To obtain good yields, the Azovs used mainly a two-field tillage system. The Cossacks divided their allotments into 2 parts: the first was set aside for crops, the second – for pastures or toloku. Land used for grazing or cattle grazing was not plowed for 2-3 years. This allowed with the help of the same cattle to get rid of weeds and fertilize the soil well with organic matter. After this period, high-grade wheat or flax was sown on the plot, which was also in great demand in the domestic and foreign markets.

The land, which rested for 2-3 years and was well fertilized, taking into account crop rotation, made it possible to grow high yields for the next 3-5 years. The field set aside for crops, in turn, was divided into two parts. One part was set aside for winter, the other – for spring. The Azov Cossacks carefully observed crop rotations. Flax or wheat was sown on the part that used to be under threshing floor or pasture, sown with rye the following year, and other grains, such as oats, barley, and millet, on the third year. The number of crops depended on the number of workers, the number of livestock and the position of the site relative to the convenience of selling grain.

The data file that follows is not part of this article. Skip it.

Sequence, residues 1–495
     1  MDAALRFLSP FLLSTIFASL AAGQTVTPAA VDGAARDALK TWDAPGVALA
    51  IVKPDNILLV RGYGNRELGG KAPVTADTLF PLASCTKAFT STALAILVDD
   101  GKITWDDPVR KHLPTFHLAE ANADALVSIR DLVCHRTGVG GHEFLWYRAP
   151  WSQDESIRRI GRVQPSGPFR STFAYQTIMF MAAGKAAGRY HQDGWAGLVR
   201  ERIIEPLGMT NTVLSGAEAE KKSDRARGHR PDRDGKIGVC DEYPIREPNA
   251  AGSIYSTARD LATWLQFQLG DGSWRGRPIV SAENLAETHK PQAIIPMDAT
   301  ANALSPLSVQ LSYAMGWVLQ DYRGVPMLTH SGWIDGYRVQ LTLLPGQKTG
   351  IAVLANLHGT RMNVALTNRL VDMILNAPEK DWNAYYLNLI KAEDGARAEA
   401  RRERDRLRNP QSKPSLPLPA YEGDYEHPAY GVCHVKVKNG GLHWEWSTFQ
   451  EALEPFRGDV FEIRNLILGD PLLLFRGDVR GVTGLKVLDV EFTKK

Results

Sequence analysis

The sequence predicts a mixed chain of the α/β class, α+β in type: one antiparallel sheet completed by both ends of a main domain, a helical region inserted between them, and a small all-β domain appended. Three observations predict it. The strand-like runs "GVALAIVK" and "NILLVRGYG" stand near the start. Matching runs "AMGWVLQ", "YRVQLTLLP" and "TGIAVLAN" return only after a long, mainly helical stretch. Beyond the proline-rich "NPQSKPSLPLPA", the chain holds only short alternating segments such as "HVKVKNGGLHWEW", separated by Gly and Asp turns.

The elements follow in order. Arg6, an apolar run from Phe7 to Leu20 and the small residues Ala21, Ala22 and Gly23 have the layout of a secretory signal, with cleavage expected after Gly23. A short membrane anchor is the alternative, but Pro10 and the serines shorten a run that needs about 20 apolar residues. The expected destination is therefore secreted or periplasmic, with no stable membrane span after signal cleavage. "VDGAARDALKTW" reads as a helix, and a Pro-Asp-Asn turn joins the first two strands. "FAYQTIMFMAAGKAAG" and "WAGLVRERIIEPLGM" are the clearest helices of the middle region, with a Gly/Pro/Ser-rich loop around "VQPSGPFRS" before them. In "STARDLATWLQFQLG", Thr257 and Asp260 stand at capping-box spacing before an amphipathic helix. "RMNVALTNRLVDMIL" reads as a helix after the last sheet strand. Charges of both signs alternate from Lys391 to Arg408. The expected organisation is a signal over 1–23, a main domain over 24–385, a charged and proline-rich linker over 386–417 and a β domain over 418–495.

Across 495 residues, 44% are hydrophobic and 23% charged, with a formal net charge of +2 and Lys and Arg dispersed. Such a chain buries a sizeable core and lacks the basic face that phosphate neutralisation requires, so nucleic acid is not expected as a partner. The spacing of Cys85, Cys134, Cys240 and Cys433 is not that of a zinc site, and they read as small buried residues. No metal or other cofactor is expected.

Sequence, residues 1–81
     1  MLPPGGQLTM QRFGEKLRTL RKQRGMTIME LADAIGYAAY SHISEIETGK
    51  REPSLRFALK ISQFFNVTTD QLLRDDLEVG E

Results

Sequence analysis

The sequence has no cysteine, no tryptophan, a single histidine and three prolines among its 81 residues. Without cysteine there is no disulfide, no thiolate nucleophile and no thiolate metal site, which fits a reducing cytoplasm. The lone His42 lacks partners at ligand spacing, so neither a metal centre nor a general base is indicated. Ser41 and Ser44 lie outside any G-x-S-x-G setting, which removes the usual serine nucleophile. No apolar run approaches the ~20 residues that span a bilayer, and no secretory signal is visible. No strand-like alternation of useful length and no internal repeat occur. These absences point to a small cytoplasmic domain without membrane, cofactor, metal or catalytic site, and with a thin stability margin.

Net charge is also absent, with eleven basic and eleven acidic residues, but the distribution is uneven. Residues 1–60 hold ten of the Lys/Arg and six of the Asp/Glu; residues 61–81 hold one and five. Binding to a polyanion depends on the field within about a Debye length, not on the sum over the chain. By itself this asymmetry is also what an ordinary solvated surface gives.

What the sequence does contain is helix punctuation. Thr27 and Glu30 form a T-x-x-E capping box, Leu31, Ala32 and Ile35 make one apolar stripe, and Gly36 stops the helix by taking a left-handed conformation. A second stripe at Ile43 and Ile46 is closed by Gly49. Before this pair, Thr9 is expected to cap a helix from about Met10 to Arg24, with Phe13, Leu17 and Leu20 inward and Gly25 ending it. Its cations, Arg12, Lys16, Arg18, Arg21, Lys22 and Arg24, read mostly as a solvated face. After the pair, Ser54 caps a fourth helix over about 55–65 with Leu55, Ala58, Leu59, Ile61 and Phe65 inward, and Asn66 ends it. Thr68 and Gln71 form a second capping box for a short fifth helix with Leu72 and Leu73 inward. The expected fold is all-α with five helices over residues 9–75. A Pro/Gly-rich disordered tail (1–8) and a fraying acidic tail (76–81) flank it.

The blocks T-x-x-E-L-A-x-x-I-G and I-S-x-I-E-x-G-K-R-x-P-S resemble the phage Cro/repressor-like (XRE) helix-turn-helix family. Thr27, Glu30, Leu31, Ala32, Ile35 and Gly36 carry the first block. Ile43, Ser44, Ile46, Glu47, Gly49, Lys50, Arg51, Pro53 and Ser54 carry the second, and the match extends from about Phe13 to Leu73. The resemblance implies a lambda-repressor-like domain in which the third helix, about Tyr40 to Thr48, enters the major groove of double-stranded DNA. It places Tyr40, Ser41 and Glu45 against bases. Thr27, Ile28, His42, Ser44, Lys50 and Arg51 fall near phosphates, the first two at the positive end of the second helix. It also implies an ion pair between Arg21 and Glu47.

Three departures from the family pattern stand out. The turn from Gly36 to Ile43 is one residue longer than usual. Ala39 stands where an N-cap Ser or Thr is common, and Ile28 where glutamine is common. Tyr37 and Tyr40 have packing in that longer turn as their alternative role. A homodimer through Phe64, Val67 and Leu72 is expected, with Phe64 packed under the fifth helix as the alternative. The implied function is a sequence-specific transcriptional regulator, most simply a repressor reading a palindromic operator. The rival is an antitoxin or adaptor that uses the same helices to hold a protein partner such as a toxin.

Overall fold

In the 1930s, 33.8% of all military land (20,000 out of 59,022 tithes) was allocated for grain crops in the Azov Army. Gradually the sown area under grain increases. As the sown area increases, so does the amount of grain harvested.

Since the late 30s of the XIX century within the military lands there is a noticeable tendency to spread intensive farming, where with the reduction of sown areas, yields gradually increase.

The reasons for the increase in yields with a decrease in sown areas were:

1) application of a two-field system of land cultivation; 2) use of natural fertilizers; 3) adherence to a clear crop rotation; 4) application of the basics of agricultural technology and more.

It is due to such factors that the Azov Cossack formation had a steady tendency to increase yields.

From year to year, the best Cossacks chose the best grain for sowing. Before mowing, «islands» of plants with selected high-quality grain were found among the fields. It was collected, dried, stored in appropriate conditions, and sown in the spring after the Feast of the Annunciation. As a result, wheat grown on military lands was highly valued. And above all, yellow-ears and black-ears Bulgarian with blue spines, brought by the Cossacks from across the Danube. There were more than 20,000 acres under these varieties. It was grown mainly on chernozem and sandy soils in the villages of Petrovska and Novospaska. Bulgarian wheat was twice as expensive as conventional varieties.